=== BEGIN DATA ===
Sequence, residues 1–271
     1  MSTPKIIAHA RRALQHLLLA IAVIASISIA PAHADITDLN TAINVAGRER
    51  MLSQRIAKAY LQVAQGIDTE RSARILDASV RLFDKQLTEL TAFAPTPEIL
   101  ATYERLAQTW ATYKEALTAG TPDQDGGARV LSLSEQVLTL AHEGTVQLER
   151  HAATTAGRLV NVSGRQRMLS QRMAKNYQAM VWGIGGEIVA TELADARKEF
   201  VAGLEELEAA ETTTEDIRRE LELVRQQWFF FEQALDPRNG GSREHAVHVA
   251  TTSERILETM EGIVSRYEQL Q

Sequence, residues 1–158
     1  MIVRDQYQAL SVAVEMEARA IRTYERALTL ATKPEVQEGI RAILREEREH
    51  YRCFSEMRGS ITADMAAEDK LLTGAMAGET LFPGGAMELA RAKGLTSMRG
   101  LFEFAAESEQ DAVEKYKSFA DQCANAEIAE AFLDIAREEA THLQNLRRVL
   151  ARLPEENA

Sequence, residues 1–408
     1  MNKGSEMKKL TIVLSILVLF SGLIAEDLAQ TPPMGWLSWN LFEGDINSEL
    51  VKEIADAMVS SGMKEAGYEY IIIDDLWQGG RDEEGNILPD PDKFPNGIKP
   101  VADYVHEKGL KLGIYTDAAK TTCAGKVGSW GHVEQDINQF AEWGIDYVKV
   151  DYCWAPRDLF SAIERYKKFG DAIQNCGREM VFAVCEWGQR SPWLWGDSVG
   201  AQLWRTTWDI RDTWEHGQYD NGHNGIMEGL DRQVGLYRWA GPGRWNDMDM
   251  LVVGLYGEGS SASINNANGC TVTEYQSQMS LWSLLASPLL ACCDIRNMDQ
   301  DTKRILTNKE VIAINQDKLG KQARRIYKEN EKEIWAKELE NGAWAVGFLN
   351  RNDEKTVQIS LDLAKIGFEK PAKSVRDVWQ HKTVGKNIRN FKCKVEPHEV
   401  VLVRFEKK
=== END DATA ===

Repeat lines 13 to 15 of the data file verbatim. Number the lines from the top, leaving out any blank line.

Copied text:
Sequence, residues 1–408
     1  MNKGSEMKKL TIVLSILVLF SGLIAEDLAQ TPPMGWLSWN LFEGDINSEL
    51  VKEIADAMVS SGMKEAGYEY IIIDDLWQGG RDEEGNILPD PDKFPNGIKP